The short cut was definitely more manageable, but I didn't feel like myself, no matter how many times my boyfriend told me that he loved it. What was he gonna say..."I hate it, grow it back"? If there's one thing I've learned, it's that no one--no one--will tell you the truth about your appearance when you're a cancer patient. Everyone always tells you that you look great, even when your skin is pasty and your face is puffy from all the prednisone. It's like a rule--they have a mandate to lie. I had close, personal friends who insisted that my wig looked totally natural. I have very few pictures of myself from that period of time, but that is an absolute falsehood. My wig looked like a wig, and not a particularly flattering one at that. But I am grateful for their lies. I would have been devastated if I thought I had looked terrible.

Anyway. Back to the short hair. It just didn't seem like me. But losing your hair is a messy business, so it was easier to deal with shedding short hair. It's odd, but I actually felt a lot more normal when I was wearing my wig than I did with the short hair. I don't know why it didn't occur to me that I was going to have no hair, and then really, really short hair, for a very long time. Maybe I just thought I'd keep wearing my wig until my hair grew back.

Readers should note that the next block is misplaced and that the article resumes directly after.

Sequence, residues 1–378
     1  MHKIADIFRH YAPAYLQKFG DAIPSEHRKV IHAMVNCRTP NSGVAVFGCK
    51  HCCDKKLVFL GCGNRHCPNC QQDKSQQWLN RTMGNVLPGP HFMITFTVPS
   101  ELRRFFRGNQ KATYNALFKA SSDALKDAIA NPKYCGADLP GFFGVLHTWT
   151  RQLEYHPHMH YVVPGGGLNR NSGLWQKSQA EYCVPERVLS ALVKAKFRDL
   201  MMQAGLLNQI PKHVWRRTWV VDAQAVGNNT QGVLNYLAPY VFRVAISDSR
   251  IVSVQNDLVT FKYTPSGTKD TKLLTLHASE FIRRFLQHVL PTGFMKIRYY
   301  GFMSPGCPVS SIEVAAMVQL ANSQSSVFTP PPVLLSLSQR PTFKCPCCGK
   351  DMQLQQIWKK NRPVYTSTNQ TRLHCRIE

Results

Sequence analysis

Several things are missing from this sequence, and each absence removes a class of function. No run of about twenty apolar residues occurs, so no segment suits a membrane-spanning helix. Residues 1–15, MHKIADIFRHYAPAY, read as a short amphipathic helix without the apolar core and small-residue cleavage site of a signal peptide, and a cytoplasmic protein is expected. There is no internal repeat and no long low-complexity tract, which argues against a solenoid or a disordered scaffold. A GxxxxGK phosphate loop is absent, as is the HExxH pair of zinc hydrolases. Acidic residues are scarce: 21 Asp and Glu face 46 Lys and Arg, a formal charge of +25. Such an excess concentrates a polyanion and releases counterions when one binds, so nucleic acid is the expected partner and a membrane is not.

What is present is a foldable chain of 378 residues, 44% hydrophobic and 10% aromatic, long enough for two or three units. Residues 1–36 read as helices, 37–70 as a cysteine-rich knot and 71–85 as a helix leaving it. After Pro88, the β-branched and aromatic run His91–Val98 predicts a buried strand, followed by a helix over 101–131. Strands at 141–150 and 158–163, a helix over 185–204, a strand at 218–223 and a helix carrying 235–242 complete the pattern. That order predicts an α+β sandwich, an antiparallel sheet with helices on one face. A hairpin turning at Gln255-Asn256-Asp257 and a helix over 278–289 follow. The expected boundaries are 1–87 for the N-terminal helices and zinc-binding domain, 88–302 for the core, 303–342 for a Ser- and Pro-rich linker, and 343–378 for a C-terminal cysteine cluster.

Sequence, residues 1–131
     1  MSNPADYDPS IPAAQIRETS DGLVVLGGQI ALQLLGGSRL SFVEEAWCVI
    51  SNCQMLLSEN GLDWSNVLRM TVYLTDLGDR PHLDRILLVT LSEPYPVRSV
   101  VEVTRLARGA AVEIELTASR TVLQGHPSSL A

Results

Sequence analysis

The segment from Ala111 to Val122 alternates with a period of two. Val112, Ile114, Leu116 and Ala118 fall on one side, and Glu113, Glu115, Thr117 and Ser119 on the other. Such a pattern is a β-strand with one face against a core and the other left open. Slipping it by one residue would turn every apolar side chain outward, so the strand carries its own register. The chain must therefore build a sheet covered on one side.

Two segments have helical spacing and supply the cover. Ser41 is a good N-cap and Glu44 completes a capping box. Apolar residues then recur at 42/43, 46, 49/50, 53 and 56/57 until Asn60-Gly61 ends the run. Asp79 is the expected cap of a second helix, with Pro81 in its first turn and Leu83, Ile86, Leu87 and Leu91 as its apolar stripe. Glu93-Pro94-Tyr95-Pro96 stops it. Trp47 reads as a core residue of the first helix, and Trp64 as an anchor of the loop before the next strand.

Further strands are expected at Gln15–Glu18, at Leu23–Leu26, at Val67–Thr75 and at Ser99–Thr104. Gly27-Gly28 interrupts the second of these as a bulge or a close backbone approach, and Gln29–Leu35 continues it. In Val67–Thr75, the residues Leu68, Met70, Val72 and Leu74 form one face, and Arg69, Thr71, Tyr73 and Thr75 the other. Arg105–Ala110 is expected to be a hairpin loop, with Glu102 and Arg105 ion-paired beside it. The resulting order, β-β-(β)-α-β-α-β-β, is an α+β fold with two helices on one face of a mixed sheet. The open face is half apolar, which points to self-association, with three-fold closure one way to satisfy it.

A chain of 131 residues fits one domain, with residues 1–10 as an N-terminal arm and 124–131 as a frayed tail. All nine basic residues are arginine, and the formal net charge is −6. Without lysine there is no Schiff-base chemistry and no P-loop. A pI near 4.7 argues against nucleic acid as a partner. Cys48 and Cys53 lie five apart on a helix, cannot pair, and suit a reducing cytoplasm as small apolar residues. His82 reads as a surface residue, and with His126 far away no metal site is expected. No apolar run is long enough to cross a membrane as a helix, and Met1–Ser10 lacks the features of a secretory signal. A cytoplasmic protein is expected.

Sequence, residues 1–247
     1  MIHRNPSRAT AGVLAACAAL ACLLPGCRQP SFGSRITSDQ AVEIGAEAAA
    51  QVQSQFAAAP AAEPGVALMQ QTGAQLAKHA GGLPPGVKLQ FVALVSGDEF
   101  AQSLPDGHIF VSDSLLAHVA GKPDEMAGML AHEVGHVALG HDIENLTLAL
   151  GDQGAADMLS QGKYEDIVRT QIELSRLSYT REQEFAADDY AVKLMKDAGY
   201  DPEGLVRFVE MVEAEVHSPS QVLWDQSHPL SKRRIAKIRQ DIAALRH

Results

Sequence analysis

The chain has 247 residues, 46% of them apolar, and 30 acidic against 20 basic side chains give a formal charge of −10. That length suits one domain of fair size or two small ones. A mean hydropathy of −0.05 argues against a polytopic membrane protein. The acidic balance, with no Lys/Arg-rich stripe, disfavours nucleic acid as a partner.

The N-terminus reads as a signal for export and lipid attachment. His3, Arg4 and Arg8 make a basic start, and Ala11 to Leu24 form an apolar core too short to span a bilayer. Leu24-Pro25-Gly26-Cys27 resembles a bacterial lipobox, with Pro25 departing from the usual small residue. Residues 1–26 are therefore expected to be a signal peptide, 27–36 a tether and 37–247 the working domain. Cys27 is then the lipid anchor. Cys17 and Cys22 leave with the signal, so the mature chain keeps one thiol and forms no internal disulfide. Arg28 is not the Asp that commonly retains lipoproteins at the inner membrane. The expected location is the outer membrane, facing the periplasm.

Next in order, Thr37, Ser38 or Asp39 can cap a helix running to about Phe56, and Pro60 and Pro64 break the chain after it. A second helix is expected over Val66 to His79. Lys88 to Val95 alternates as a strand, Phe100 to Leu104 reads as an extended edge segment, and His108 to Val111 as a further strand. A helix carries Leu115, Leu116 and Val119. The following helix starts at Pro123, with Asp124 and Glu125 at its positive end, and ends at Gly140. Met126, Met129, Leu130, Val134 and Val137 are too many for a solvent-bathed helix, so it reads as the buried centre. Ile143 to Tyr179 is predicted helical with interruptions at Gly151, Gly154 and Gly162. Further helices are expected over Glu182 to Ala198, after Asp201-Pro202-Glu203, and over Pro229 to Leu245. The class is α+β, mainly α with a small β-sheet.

That's not what happened, of course. At first, the wig was fine. But I quickly grew tired of fake hair. I wanted my own hair back, if only to cover up my ghostly white, bumpy scalp. (I had always had a horror of going bald because I knew that my skull was oddly formed. I could feel the whorls and bumps beneath my hair. And sure enough, when I lost my hair, my bare head looked just as bad as I had feared.) So, when some peach fuzz started coming in around New Year's, I was very excited. A few weeks later, I bought some clippers and let my boyfriend tidy up the stray wisps. And at the end of January, I went for my first real haircut in four months. I wore my wig into my regular salon, fully expecting to wear it back out. But once my stylist had given shape to the fuzz, another woman in the salon went on and on about how great my hair was. Admittedly, she was a punk rock type and probably thought I was trying to make some avant-garde statement. As I stared in the mirror, though, suddenly it didn't seem quite so bad. It was short. Very, very short. G.I. Jane short. Sinead O'Connor short. But it was my hair, not some awful synthetic that got stored on a wig stand every night. So I tucked the wig into my purse and drove home to see how it felt.